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My JK is black nickel and an jazz radio DJ mistook me for playing clarinet. Go figure
Someone once told me that most of your typical audience hears with their eyes. I guess that must be what they were talking about.
 

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My metal clarinet is often confused with a "thin soprano sax".
 

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you might get away with fooling someone in the high register but no-way can a soprano sax (or a clarinet) be mistaken for a clarinet in the low register. so, I guess, the only possibility is to buy an wind controller for a synthesiser
 

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I do think it's possible to make a soprano sound more like a clarinet than many people think, but it involves mostly personal work on embouchure rather than reeds or mouthpieces (otherwise I'd recommend a PPT mouthpiece of course :) )

Oddly, I posted a soprano soundclip a while back that quite a lot of people thought sounded (more) like a flugelhorn so I believe it's possible to get a much less sopranoish sound. The upper register of a clarinet would be easier to get the sound of than the lower (chalumeau) but I bet if you worked at it you could get maybe half way there.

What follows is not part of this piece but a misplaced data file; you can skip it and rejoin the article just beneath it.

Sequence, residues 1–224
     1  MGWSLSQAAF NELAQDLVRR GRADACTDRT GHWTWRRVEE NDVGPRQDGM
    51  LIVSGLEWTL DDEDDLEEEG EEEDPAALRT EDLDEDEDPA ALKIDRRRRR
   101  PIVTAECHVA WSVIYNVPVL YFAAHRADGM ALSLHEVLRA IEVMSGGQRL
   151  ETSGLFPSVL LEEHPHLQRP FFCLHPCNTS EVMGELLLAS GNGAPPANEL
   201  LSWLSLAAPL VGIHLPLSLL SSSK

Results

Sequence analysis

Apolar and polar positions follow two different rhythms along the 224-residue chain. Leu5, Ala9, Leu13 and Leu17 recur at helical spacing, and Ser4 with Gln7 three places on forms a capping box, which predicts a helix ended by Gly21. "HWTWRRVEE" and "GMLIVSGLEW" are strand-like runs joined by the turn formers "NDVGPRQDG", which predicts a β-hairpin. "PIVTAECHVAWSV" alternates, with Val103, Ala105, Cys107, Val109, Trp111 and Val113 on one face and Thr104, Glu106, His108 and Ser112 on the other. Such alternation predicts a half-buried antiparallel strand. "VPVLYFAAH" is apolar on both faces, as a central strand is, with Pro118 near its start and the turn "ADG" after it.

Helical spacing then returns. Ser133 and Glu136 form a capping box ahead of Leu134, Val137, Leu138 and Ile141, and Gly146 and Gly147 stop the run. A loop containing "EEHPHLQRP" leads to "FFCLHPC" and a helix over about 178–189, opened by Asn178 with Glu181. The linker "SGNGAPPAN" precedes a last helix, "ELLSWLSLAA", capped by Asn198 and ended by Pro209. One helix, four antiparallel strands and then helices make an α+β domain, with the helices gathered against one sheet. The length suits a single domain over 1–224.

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My metal clarinet is often confused with a "thin soprano sax".
When I play my Silver King metal clarinet most folks just don't know WHAT it is, despite the pure clarinet sound. Smartypants who think they know a thing or two say it must be a soprano sax, despite the pure clarinet sound. Just goes to show that lots of people judge instruments with their eyes and not their ears.